Star Trek: Picard
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Credit: Matt Kennedy / CBS

Star Trek: Picard's first scene on a rebuilt USS Enterprise is meant to freak you out

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Jan 23, 2020

The very first shot in the very first episode of Star Trek: Picard was designed to put fans on red alert. We see the '90s-era USS Enterprise, we see Picard and Data playing poker in Ten Forward, and we can't help but ask: Is this an episode of The Next Generation?

Star Trek: Picard is a decidedly different Trek beast than anything that has come before, and after over 50 years of space travel, the crew of this new show felt fans had to be eased into it. That meant something familiar at first — with a twist. For the director of the first three episodes of the new Star Trek series, Hanelle M. Culpepper, the goal wasn't to revel in fan service, but instead to make longtime fans feel wary of what was coming next.

Spoilers ahead for Star Trek: Picard, Season 1, Episode 1: "Remembrance."

"I feel like there wasn't too much nostalgia. There couldn't be too much nostalgia," Culpepper tells SYFY WIRE of the very first shot of the first episode of Star Trek: Picard. "The idea was to make audiences feel like they were watching The Next Generation, but it was a little bit off. We rebuilt the set [of Ten Forward] exactly as it was, as best we could. But Patrick was not in his uniform."

Culpepper explains that initially she had pushed for Picard to appear in a Starfleet uniform in the first shot, to "complete" the pseudo-deception that we were "reentering" the world of The Next Generation, but that Sir Patrick Stewart didn't want to be in uniform for the very beginning. Turns out, the Captain still calls a few shots.

"We gave in to what he felt was best. And you do get that heartwarming feeling that you're back in The Next Generation before it totally turns." A longtime director of film and television, with credits ranging from various installments of the Arrowverse to pivotal episodes of Star Trek: Discovery, Culpepper's approach to cinematography in television is artistic and specific. And she was very aware, early on, that she did not want the cinematic tone of Picard to look anything like the Discovery episodes she directed. That so much of Picard was shot on location made that easier to achieve, but there was even more thought put into it from the perspective of the way the shots were framed.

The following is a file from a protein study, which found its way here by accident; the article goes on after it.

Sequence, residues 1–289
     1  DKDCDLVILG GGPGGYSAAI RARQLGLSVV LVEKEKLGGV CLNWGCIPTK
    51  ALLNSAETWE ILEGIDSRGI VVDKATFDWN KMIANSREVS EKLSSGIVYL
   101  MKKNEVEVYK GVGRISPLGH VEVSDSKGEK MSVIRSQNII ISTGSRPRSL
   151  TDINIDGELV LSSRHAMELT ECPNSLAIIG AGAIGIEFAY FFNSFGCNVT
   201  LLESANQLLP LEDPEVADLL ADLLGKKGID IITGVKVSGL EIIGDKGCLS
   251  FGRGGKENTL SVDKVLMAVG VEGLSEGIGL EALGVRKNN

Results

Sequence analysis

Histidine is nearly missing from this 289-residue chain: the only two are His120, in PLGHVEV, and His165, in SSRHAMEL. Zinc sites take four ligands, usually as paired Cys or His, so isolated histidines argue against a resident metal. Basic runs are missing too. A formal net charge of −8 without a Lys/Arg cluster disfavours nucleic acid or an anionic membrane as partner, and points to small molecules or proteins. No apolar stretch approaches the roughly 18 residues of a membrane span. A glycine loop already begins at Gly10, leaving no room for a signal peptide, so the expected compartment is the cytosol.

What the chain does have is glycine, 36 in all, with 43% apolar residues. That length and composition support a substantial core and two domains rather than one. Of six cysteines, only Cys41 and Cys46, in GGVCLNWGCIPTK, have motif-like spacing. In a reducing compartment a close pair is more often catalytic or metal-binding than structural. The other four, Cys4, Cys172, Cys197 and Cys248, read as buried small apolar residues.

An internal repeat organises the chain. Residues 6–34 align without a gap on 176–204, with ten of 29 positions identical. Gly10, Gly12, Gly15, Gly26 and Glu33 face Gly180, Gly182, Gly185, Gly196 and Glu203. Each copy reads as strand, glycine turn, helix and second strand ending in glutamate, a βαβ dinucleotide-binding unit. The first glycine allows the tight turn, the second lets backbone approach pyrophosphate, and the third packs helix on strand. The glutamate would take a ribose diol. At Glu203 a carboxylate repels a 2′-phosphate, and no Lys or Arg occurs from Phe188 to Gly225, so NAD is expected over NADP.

Hanelle M. Culpepper directs Patrick Stewart in 'Star Trek: Picard.' (Credit: CBS)

"I always wanted to distinguish it from Discovery. We moved the cameras less. We went handheld," she says. "And, because so much was shot on location, it limits the time you have, so that changes the craft. Before I was hired — because the script was so top secret — I had envisioned that Picard might be an ambassador on other planets, but it was nice to be able to shoot so much outside and in real places."

Trekkies who are planning their vacation to La Barre, France, to take a vacation at Jean-Luc Picard's wine vineyard, there's good news and bad news. For international fans and Americans who have booked non-refundable plane trips, know that the beautiful vineyard you see in Star Trek: Picard isn't really in France — it's in the United States.

"We shot Chateau Picard at Sunstone Winery in Santa Ynez, California," Culpepper explains. "I loved The Next Generation but didn't feel like the house from The Next Generation felt like a chateau. It was crucial to me that felt like it was in France, after asking the producers; 'Can we shoot in France?' and getting a big fat 'No,' we ended up finding this spot in Santa Ynez which is made of brick that is imported from France. It's about as authentic as you can get!"

Credit: CBS All Access

As you watch Picard, you'll see various mirror images play across the frame, as though the images and light are being glimpsed through real eyes, not the static lens of a TV camera. When we're in Jean-Luc's Chateau Picard, sometimes it feels like we're catching glimpses of the characters through wine glasses or bottles, which, it turns out, is exactly what Culpepper wanted. This isn't a clean version of Star Trek; things are a little rougher and unclear.

"I always want to dirty up my shots by finding stuff to shoot through. We shot that through bottles and crystals and stuff like that," Culpepper says. "And I liked that because I felt like he [Picard] was kind of dealing with two worlds; there's the life he's almost imprisoned himself, his life at his family's vineyard on the ground. And yet, he still feels a part of him that feels like he belongs somewhere else — that he belongs in the stars. He has unfinished business."

Star Trek: Picard is streaming now on CBS All Access.

 

 

 

 

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